06-17-16 HOUSE, SENATE PANELS APPROVE FOREST SERVICE, EPA SPENDING BILLS; NACD RESPONDS…

HOUSE, SENATE PANELS APPROVE FOREST SERVICE, EPA SPENDING BILLS; NACD RESPONDS

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WASHINGTON, June 16, 2016 – The National Association of Conservation Districts is pleased with the Fiscal Year 2017 funding levels the House and Senate Appropriations Committees have approved for the Forest Service and the Environmental Protection Agency. However, the association is disappointed that the committees failed to propose a long-term budget solution for wildfire suppression costs.

“The House and Senate’s proposed budget allocations for the Forest Service’s state and private programs are signs that Congress is headed in the right direction when it comes to properly funding forest management on private lands,” NACD CEO Jeremy Peters said. “Sadly, it is also clear that both chambers have failed to put forth solutions that would effectively end the scourge that is ‘fire borrowing.’”

The House bill – passed on Wednesday – would allocate $244 million for the Forest Service’s State and Private Forestry programs, which is $7 million more than what NACD requested and what was enacted in FY 2016.

For Forest Service wildfire suppression activities, the House committee allotted $933.4 million – that’s $122.4 million above the enacted level for FY 2016 and $59.5 million above President Obama’s request. For the FLAME Wildfire Suppression Reserve Fund, the committee allotted $315 million – $508 million below the FY 2016 enacted level and $315 million above the president’s budget request.

Unfortunately, the House bill does not include a provision to reform the way wildfire suppression is funded, which means the Forest Service and Interior Department agencies would be forced to continue funding fire-fighting operations out of accounts meant for general forest management and restoration.

“The wildfire season increases in severity and duration every year,” NACD President Lee McDaniel said. Today, fire seasons are on average 78 days longer than they were in 1970, and the average number of annual acres burned has doubled since 1980.

“The only way we have a chance at preventing the destruction wildfires leave behind is to properly fund the Forest Service’s forest management, fuels reduction, and restoration programs – and that means ending the practice of ‘fire borrowing’ altogether,” he continued.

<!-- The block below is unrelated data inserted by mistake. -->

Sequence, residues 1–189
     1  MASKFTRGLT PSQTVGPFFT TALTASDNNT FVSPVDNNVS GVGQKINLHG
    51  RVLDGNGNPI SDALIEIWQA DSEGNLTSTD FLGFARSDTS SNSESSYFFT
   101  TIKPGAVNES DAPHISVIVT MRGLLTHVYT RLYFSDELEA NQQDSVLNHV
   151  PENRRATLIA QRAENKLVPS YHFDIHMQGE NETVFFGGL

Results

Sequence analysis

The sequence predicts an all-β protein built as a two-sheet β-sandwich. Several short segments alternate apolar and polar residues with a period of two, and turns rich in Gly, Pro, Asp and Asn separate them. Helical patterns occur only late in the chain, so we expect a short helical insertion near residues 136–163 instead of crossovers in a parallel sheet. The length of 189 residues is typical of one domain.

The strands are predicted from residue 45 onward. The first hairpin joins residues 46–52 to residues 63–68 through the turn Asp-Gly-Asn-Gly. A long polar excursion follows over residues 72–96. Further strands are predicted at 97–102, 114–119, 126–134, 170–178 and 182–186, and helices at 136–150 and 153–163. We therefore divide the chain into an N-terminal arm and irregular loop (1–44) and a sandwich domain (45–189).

The Forest Service and Interior agencies are forced to “fire borrow” from forest management accounts to pay for wildfire suppression on a yearly basis because their fire suppression budgets aren’t enough to cover the actual costs of putting out the flames. In the last two years, for instance, the federal government diverted $237 million away from forest restoration programs. And last year, the Forest Service spent a record 52 percent of its budget fighting fires.

“The Interior and Forest Service’s firefighting budget is based on the 10-year average cost of fighting fires, but because the fires are getting worse every year, that number just won’t cut it,” McDaniel continued. “’Fire borrowing’ is an issue that depletes forestry budgets in every state, so it is of national importance that a solution is found.”

The Senate’s spending bill – passed Thursday – includes a total of $3.78 billion for wildfire suppression – a figure in line with the 10-year average for firefighting costs – in addition to a budget cap adjustment provision that would allow these agencies to tap into disaster assistance funding when fire expenditures top the $3.78 billion allotment.

NACD supports a budget cap adjustment, but has asked that disaster assistance funding be made available for fire suppression activities once 70 percent of the fire-fighting budget has been spent – instead of 100 percent. This way, the land management agencies wouldn’t have to borrow from other accounts during the time it takes to receive congressional approval for additional funds.

The House and Senate committee bills also included provisions that would prohibit the EPA from implementing its Waters of the U.S. rule – commonly referred to as WOTUS or the Clean Water Rule – should the court’s stay on the rule be lifted.

“This is a positive development on a priority issue for NACD,” Peters said. “WOTUS has been a point of contention for our members and we will continue to support fixing the rule with legislation.”

For EPA’s 319 Nonpoint Source Grant program, the House committee proposed a funding level of $164.9 million, which matches last year’s enacted level, the president’s budget proposal, and NACD’s request. The Senate committee’s funding level proposal for the 319 grant program has yet to be released to the public.

The National Association of Conservation Districts is the non-profit organization that represents the nation’s 3,000 conservation districts, their state associations and the 17,000 men and women who serve on their governing boards. For more than 70 years, local conservation districts have worked with cooperating landowners and managers of private working lands to help them plan and apply effective conservation practices. For more information about NACD, visit: www.nacdnet.org.